As set forth above, the present invention affords a method of manufacturing GaN crystal substrate in which enlargement of pit size in the growing of GaN crystal is inhibited to enable GaN crystal substrate with a high substrate-acquisition rate to be produced.

From the following detailed description in conjunction with the accompanying drawings, the foregoing and other objects, features, aspects and advantages of the present invention will become readily apparent to those skilled in the art.

BRIEF DESCRIPTION OF THE DRAWINGS

FIG. 1 is a schematic cross-sectional view illustrating one method, in accordance with the present invention, of manufacturing a GaN crystal substrate;

FIG. 2 is a schematic cross-sectional view illustrating another method, in accordance with the present invention, of manufacturing a GaN crystal substrate;

FIG. 3 is a schematic cross-sectional view illustrating yet another method, in accordance with the present invention, of manufacturing a GaN crystal substrate;

FIG. 4 is a schematic cross-sectional view illustrating still another method, in accordance with the present invention, of manufacturing a GaN crystal substrate;

FIG. 5 is a schematic cross-sectional view illustrating a conventional method, in accordance with the present invention, of manufacturing a GaN crystal substrate;

FIG. 6 is a three-dimensional schematic view illustrating pits on a GaN crystal; and

FIG. 7 is a schematic plan view illustrating pits on a GaN crystal, viewed from above.

DETAILED DESCRIPTION OF THE INVENTION

Reference is made to FIG. 1, to illustrate a method of manufacturing a GaN crystal substrate according to the present invention. The GaN-crystal-substrate manufacturing a method includes a step of growing a GaN crystal 4 on a base (growth) substrate 1 by a vapor growth technique. In the step of growing the GaN crystal 4, pits 6 are formed in a crystal growth face 4A, each pit defining facet planes 5F, and the pit-size increase factor of the pits 6 is made to be 20% or less. By restricting the pit-size increase factor to 20% or less, the pit size is prevented from increasing even when the thickness of the GaN crystal is considerable. This result increases the usable thickness He (μm) of the GaN crystal, which is the thickness of the GaN crystal that can be separated off as a GaN crystal substrate when the GaN crystal is grown to a thickness H (μm), thus improving the substrate acquisition rate—the proportion of usable GaN crystal available from the grown GaN crystal.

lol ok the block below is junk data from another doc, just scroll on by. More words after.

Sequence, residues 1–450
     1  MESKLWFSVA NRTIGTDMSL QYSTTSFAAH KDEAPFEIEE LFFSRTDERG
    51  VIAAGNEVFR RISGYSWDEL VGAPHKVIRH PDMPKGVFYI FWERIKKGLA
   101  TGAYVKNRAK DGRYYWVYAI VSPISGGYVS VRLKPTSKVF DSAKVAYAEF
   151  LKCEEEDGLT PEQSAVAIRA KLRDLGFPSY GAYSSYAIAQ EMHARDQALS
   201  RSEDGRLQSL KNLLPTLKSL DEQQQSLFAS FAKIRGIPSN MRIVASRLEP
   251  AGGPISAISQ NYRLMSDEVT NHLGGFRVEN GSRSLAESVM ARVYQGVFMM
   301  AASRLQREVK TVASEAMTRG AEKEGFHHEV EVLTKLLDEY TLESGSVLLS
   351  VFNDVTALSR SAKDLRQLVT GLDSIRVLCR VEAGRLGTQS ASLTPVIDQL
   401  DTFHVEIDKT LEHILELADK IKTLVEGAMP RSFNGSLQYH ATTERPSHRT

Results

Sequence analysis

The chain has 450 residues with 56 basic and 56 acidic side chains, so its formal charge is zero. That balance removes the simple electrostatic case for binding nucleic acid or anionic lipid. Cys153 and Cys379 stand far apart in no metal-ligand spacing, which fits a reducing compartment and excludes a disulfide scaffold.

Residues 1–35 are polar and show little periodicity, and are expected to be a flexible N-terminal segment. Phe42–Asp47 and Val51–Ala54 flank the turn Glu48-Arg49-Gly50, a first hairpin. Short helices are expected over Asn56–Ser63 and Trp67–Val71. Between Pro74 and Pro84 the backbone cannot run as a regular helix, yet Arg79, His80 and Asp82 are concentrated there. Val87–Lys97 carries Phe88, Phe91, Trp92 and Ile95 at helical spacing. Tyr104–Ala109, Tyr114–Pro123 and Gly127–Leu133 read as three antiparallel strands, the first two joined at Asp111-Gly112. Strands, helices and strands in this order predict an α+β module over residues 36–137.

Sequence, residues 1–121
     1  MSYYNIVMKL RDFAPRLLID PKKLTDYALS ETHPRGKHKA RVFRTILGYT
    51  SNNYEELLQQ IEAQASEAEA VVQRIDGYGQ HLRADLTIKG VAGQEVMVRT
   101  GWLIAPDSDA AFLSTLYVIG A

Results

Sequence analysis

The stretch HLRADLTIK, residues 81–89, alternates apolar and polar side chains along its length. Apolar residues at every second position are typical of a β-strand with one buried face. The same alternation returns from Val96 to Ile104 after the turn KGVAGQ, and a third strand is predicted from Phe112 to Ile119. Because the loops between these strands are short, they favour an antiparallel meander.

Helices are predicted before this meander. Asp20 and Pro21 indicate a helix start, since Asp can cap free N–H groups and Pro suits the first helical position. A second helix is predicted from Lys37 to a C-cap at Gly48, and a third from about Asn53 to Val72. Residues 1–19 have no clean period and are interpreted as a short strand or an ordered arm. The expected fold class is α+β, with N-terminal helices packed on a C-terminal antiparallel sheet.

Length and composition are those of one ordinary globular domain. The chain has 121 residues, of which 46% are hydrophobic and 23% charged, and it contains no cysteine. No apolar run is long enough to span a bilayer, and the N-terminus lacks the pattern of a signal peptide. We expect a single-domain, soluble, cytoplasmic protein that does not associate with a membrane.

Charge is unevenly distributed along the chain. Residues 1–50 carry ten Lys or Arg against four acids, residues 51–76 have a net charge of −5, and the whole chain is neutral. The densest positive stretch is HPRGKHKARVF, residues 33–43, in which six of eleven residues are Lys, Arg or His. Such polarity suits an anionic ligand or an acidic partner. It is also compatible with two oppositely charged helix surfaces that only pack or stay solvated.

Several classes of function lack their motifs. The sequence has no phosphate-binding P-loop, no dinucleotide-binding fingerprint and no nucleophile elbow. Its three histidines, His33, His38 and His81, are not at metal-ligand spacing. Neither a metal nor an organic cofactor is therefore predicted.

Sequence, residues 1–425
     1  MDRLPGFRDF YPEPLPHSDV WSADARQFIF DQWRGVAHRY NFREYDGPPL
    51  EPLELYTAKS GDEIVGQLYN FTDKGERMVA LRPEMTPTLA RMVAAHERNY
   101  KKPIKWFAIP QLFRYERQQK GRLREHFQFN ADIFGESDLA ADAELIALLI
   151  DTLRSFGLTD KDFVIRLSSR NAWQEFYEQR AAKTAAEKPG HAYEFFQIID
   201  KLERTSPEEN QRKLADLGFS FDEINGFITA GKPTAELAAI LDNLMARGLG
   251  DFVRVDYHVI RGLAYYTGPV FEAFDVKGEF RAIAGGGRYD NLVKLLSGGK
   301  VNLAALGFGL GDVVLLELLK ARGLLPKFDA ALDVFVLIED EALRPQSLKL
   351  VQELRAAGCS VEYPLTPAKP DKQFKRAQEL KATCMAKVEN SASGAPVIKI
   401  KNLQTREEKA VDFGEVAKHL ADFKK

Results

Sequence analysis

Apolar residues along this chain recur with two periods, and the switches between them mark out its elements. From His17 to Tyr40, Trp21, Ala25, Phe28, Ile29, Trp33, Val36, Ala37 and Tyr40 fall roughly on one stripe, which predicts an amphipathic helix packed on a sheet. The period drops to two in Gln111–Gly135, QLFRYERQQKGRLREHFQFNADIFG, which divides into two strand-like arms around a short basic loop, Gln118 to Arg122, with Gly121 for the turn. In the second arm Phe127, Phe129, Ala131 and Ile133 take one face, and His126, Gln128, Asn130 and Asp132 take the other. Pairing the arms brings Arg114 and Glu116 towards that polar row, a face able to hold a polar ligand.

Preferable examples of the base substrate herein include, although they are not particularly limited to, a GaN substrate, which is a native substrate that is free from lattice mismatches with the GaN crystal, and foreign substrates that have small lattice mismatches, such as GaAs substrates, sapphire substrates, and SiC substrates. The base substrate is not limited to one with a single layer construction; a base substrate on which a GaN layer is formed on a sapphire substrate or SiC substrate, which are foreign substrates, may also be used as a native substrate.

Referring to FIG. 2, when using a foreign substrate such as a sapphire substrate or a SiC substrate as the growth substrate, it is preferable, in the step of growing a GaN crystal on the growth substrate 1 by a vapor growth technique, to initially form by vapor deposition on the growth substrate 1 a GaN buffer layer 3 that is an amorphous layer of GaN, and thereafter grow a GaN crystal 4 on the GaN buffer layer 3 by vapor deposition in order to alleviate lattice mismatches and reduce the dislocation density of the GaN crystal.

Examples of vapor phase deposition techniques include, but are not particularly limited to, techniques such as HVPE (hydride vapor phase epitaxy), MOCVD (metal-organic chemical vapor deposition), MOC (metal-organic chloride vapor phase epitaxy), and sublimation. Among these, HVPE, which has a high growth rate, is preferable for obtaining a GaN substrate with considerable thickness.

The term “facet plane” refers to a plane other than the plane that is perpendicular to the crystal growth orientation (growth surface). Herein, the c-plane 5C is the growth surface since the crystal growth takes place along the c-axis orientation, and the facet planes are those planes other than the c-plane. GaN crystal has a hexagonal structure, so the c-plane, which is the growth surface, is represented as (0001). In the GaN crystal, the facet planes that appear frequently are the {1{overscore (2)}12}, {1{overscore (2)}11}, {n{overscore (2)}nnk} (where n and k are integers), {1{overscore (1)}01}, {1{overscore (1)}02}, and {n{overscore (n)}0k} (where n and k are integers) planes; among them, the {1{overscore (2)}12} plane is a representative example of the facet plane. It should be noted that the notations such as {1{overscore (2)}12} are used collectively; for example, the {1{overscore (2)}12} planes include six different planes: the (1{overscore (2)}12) plane, the (2{overscore (1)}{overscore (1)}2) plane, the (11{overscore (2)}2) plane, the ({overscore (1)}2{overscore (1)}2) plane, the ({overscore (2)}112) plane, and the ({overscore (1)}{overscore (1)}22) plane.